The misleading housing statistic that just won’t die

It’s the misleading housing statistic that just won’t die. But it isn’t a claim being made by politicians in the heat of an election campaign. Instead it keeps appearing in the reports of some of Australia’s most prominent housing researchers.

The Australian Housing and Urban Research Institute (AHURI) argues that most new housing built in Australia is too expensive for low- and middle-income earners. The claim keeps being repeated, but it’s based on flawed research already de-bunked by Grattan Institute. The sooner these statistics die, the better Australian housing policy will be.

The claim

A 2017 report for AHURI claimed that:

“Most of the growth in housing supply has been taking place in mid-to-high price segments, rather than low price segments.” (p.2)

“Almost 80 per cent of house approvals are to be found in the 6th to 9th deciles, a range covering transactions between $306,000 and $795,000 in 2013–14.” (p.16)

The claim appeared again in a 2018 report on homelessness by the Centre for Social Impact, co-authored by other AHURI researchers:

“Further evidence for the idea that Australian housing unaffordability and homelessness is not simply due to insufficient housing supply is found in the fact that we have seen increases in both housing supply and housing prices in recent years. Largely, this is because growth in housing stock has been concentrated in the middle and upper end of the market: almost 80 per cent of new stock was in the 6th to 9th price deciles.” (Ong et al., 2017)

And it appeared again last week in a McKell Institute report evaluating the potential impacts of federal Labor’s policy on the National Rental Affordability Scheme (the so-called NRAS 2.0 policy):

“Without regulation and a government policy that incentivizes private investment, the market does not deliver affordable rental options for those on low or even moderate incomes, with almost 80% of new housing stock priced at the upper end of the market.”

Why it’s wrong

The trouble is, the statistic is just plain wrong.

For a start, it defies basic common sense. Where are most new houses being built today? On the greenfield fringes of our major cities. Are the new houses built in Werribee, Wyyndham Vale or Donnybrook in Melbourne’s west and north, or in the far reaches of Greater Western Sydney, really among the most expensive in Australia?

The AHURI claim implies that half of all houses in Australia were worth less than $306,000 in 2014. But the median Australia-wide house price in 2014 was $571,000.

How did they get it wrong?

The original AHURI researchers presented analysis of building approvals in each Local Government Area in Australia. They counted the number of new house and apartment approvals in each of 2005-06 and 2013-14 in each LGA, and then ranked LGAs from lowest to highest according to the real median prices of houses and apartments. They then divided the LGAs into 10 groups (or deciles), each containing the same number of LGAs.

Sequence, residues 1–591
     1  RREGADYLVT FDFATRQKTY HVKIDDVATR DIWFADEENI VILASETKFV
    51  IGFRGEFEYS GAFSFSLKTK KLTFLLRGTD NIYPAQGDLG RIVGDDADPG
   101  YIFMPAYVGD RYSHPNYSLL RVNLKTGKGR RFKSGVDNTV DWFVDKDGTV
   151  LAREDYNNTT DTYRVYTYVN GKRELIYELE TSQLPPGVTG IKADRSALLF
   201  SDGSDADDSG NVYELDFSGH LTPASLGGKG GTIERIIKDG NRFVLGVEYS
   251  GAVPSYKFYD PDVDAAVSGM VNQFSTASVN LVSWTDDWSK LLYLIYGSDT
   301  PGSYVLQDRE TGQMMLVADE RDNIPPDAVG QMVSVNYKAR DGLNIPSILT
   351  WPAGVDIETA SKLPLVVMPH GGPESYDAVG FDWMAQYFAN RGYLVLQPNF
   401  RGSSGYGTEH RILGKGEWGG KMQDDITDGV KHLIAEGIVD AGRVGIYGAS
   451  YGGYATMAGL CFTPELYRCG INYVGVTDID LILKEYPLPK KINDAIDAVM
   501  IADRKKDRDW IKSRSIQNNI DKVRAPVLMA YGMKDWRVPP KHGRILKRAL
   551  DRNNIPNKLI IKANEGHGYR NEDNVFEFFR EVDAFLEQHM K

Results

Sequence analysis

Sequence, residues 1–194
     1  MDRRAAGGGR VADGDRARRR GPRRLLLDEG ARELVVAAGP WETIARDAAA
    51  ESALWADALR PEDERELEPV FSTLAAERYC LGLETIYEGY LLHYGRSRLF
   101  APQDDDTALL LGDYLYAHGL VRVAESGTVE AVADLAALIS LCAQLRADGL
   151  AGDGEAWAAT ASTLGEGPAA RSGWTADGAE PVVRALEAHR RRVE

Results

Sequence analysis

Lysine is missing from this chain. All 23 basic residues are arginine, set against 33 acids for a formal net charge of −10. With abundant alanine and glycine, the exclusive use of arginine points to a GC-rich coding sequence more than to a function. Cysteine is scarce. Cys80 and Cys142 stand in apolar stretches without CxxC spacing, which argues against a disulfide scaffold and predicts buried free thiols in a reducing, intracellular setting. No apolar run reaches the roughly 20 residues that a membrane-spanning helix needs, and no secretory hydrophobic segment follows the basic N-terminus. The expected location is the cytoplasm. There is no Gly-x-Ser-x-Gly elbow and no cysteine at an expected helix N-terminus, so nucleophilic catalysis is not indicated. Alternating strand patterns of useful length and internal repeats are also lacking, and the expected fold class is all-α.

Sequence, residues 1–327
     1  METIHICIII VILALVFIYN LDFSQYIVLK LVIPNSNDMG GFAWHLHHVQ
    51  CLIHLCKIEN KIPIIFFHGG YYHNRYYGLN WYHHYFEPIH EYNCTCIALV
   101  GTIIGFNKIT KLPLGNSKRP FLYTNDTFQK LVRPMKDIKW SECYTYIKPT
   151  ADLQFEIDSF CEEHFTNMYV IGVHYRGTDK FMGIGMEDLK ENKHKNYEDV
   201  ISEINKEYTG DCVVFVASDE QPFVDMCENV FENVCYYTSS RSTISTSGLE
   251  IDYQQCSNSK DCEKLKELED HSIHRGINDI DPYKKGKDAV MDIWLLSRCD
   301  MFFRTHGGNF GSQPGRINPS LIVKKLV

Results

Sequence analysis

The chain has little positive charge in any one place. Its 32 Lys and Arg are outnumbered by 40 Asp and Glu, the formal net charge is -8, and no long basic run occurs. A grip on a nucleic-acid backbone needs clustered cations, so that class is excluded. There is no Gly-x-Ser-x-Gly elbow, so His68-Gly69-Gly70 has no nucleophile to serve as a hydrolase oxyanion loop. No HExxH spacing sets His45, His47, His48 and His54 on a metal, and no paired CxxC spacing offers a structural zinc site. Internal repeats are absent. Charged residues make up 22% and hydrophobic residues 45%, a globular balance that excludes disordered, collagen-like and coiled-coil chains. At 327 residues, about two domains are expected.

The authors found that over the past decade almost 90 per cent of houses and 95 per cent of units were built in the 50 per cent of LGAs with more expensive housing. Almost 80 per cent of house approvals were in the 6th to 9th deciles.

The critical flaw is that when they grouped LGAs into deciles, the AHURI researchers failed to weight the LGAs by the existing number of dwellings in each.

This is more than a rounding error, because LGAs have very different populations, ranging from 62 people in Maralinga Tjarutja in far-west South Australia to 1,184,215 in the LGA covered by Brisbane City Council. Brisbane has 459,227 houses and units; Maralinga Tjarutja has 14.

Just 5 per cent of Australians live in the smallest half of all LGAs, whereas half of all Australians live in the 10 per cent of LGAs with the largest populations — all of which are in or close to the major cities.

Small LGAs are not randomly distributed around Australia – most are in rural and regional areas, where few jobs are being created. These aren’t the places where we would expect much new housing.

It is hardly surprising that most new housing is built in the top three LGA deciles – they already house most of the population. These LGAs cover the vast bulk of Australia’s major cities, where population and jobs are growing faster than regional areas. And so it is misleading to conclude that new housing has been disproportionately built to serve the top end of the market.

Our analysis of the same data, updated to 2016-17 and accounting for the different sizes of LGAs, shows that most new houses are being built in cheaper-than-average suburbs on the fringes on the major cities. Two-thirds of all new houses built in 2016-17 were in areas with cheaper house prices than average, and 16 per cent of new houses were built in the cheapest 20 per cent of LGAs.

Better policy requires better analysis

Grattan first published our critique in Inside Story in February 2018. We then presented a peer-reviewed paper to the Australasian Housing Researchers Conference in June 2018.

AHURI has not publicly responded to our critique. Its report remains on the AHURI website. Worse, the claim continues to be cited in debate on housing policy in Australia today.

Some advocates of affordable housing are using this research to argue that boosting the supply of market-rate housing won’t make housing more affordable. That’s wrong – and it allows politicians to avoid politically difficult planning reforms that would make housing substantially more affordable in the long term.

Australians deserve – and people at risk of poverty and homelessness need – evidence-based policy based on high-quality research.